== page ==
Also Read GO Ads: A hybrid Ad Network pushing adverts on every screen in Africa – Boluwa Olojo

 

Author:

Martin Best is the Managing Director of the agency Full Reach

Press Release

Thabo Mashegoane Appointed As Chairman of the Africa ICT Alliance (AfICTA)

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Thabo Mashegoane

The President and Board Chairperson of the Institute of Information Technology Professionals South Africa (IITPSA), Thabo Mashegoane, has been elected as Chairman of the Africa ICT Alliance (AfICTA).

Formerly the Vice-Chairman of AfICTA, he succeeds Engr. Hossam Elgamal from Egypt to become the third Chairman. AfICTA, a private sector-led alliance of ICT Associations, multinational corporations, companies, organisations and individuals in the ICT sector in Africa, aims to fulfil the promise of the digital age for everyone in Africa by encouraging dialogue and fostering ICT enabled development.

During an electronic election at the AfICTA Annual General Meeting on 25 November, Mashegoane was elected chair, while IITPSA Past President and Non-Executive Director Ulandi Exner was also elected AfICTA Vice-Chair for Southern Africa.

The election named the following board members and officers: Paul Rowney, Deputy Chair; Opeyemi Onifade, Treasurer; Dr. Waudo Siganga, Vice-Chair for East Africa; Engr. Assem Wahby, Vice-Chair, North Africa; Adetola Sogbesan, Vice-Chair, West Africa; and Eric Sindeu, Vice-Chair, Central Africa.  

Thanking his predecessors for their service and leadership in the Alliance to date, Mashegoane noted that AfICTA was an organisation with a vast network, impact on critical policies, and reputation that took years and hard work to build. “Mine is to take the baton and continue where the honourable Engr. Hossam Elgamal has taken this organisation to. Of importance is the platform to enable African countries to collaborate and share best practices and lessons learnt with an objective of not leaving anyone behind in development. This is a vision we will continue to uphold. We stand in a critical position to influence attainment of Sustainable Development Goals 2030 through ICT.”

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Speaking after the election, Mashegoane said digital inclusion and ICT-enabled development was also a key mission for the IITPSA in South Africa.  “The IITPSA shares the vision and ethos of AfICTA. IITPSA has also stated that we need to step up efforts to achieve the goals of the 2030 Agenda for Sustainable Development, which, among other things, seeks to bridge the digital divide and harness technology to address major global challenges such as poverty, climate change and conflict, we need to work harder. At IITPSA, we believe this means we have to collaborate across industries, across countries, to deploy the benefits of ICTs for the good of all,” he said.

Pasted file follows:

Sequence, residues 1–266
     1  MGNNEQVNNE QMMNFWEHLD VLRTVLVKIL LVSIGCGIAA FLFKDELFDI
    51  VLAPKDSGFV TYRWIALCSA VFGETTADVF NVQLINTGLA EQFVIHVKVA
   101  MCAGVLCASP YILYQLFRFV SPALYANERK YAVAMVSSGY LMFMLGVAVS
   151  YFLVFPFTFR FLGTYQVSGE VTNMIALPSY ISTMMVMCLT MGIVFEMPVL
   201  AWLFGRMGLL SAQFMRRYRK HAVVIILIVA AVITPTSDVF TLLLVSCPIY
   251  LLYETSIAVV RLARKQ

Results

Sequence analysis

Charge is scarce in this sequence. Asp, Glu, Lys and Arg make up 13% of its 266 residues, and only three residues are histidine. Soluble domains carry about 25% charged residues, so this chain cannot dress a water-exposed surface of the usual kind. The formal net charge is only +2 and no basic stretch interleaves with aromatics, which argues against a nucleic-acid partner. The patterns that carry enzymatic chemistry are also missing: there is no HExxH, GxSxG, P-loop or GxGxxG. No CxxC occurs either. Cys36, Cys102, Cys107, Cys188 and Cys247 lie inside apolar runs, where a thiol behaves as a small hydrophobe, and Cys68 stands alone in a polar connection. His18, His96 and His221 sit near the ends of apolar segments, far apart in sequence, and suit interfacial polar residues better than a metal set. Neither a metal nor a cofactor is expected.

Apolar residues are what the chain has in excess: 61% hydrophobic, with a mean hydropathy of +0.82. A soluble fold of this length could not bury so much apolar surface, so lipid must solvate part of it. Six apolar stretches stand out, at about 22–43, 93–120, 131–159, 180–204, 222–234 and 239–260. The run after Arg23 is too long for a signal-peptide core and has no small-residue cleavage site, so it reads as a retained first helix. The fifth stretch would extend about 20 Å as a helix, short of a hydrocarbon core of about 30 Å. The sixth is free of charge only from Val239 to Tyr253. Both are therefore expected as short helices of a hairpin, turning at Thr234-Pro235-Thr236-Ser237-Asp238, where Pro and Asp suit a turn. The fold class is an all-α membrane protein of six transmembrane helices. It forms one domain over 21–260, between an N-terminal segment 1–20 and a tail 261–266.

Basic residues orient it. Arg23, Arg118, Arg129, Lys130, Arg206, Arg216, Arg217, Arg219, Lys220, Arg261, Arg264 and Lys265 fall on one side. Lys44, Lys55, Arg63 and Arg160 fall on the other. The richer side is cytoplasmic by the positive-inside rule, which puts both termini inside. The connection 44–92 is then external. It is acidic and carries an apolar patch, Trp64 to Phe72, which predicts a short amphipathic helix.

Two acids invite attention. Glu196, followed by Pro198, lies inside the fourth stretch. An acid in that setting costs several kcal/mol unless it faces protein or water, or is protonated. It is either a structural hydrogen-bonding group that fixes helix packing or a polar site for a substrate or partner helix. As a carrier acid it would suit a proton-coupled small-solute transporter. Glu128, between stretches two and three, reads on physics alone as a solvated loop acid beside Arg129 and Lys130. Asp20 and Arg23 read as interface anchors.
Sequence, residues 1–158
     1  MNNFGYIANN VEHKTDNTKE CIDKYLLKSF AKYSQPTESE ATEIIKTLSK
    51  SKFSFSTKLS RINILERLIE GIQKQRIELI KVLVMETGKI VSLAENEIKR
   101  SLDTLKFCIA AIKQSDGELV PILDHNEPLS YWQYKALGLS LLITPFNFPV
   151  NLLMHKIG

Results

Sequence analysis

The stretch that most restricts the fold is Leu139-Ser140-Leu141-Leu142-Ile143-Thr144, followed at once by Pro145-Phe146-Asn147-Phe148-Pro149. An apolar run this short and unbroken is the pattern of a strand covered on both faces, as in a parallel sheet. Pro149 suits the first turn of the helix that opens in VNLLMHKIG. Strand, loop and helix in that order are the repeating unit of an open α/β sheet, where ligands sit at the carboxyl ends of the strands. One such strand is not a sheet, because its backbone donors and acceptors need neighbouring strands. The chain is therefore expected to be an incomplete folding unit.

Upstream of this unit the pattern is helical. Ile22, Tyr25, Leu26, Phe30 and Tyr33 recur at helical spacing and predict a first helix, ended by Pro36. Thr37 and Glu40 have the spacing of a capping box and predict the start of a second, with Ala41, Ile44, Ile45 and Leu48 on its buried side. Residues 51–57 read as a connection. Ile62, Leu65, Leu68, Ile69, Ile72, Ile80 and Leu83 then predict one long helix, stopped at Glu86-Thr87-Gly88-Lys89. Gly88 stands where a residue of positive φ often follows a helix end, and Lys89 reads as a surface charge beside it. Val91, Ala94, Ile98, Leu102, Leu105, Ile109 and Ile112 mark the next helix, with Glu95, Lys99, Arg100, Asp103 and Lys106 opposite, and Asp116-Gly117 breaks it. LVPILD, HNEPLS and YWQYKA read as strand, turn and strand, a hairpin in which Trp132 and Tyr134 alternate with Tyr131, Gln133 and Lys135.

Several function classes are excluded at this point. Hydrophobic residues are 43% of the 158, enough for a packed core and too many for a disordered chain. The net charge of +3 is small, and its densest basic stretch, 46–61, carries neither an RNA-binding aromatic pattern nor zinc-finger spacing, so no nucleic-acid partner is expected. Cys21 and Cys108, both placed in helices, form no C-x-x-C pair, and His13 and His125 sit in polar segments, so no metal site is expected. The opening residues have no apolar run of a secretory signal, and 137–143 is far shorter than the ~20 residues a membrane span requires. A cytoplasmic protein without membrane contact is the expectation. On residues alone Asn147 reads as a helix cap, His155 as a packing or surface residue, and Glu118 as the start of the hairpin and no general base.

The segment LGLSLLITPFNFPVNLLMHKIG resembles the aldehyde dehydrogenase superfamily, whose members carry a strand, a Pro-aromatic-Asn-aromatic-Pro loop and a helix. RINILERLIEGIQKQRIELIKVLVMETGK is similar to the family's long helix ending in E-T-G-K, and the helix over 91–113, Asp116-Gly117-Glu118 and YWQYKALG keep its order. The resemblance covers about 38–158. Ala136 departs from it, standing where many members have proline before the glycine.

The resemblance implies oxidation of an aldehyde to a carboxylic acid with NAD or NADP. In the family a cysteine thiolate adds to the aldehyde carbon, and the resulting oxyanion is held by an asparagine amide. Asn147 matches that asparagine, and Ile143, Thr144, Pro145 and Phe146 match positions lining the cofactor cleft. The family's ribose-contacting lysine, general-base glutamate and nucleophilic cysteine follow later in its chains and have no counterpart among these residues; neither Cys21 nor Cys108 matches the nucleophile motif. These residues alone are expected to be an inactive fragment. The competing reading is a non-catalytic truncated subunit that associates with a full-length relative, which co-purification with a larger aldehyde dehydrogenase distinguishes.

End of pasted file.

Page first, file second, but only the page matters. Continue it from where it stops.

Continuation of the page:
Africa ICT Alliance

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AI Media Group launches The Deal Room – Africa’s first AI-focused, free investment matchmaking service

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The AI Media Group has launched The Deal Room, Africa’s first artificial intelligence (AI) focused, free investment matchmaking service which aims to connect African AI focused startups to interested investors and venture capitalists (VCs).

AI Media Group is the publisher of AI and Data Science quarterly magazine Synapse, the AI TV YouTube channel, as well as the curator and organiser of AI Expo Africa — Africa’s largest B2B / B2G trade-focused AI, Robotic Process Automation and Data Science conference — which has been a great success over the last three years.

The annual expo has seen AI Media Group amass a database of over 1000 companies, most of which are Africa-based tech startups, scale-ups or small and medium sized businesses. The company has regularly been asked by some of these firms to make introductions to investors and also observed the challenges faced by startups, such as access, transparency, intermediaries and fees.

Although AI Media Group has been able to connect some of these companies with investors in the past, the number of requests have been on the rise and the firm now wants to improve on this service in terms of scale, process formalisation and automation through the launch of The Deal Room.

The Deal Room will be hosted on the AI Expo Africa domain — www.aiexpoafrica.com —  which is a popular platform for Africa’s Fourth Industrial Revolution (4IR) community with over 3 million hits a year allied to a vibrant LinkedIn Group with more than 4 000 members. The Deal Room’s primary aim will be to direct 4IR, AI and smart tech companies seeking funding to investors, VCs and organisations who are interested in backing firms in this rapidly growing sector.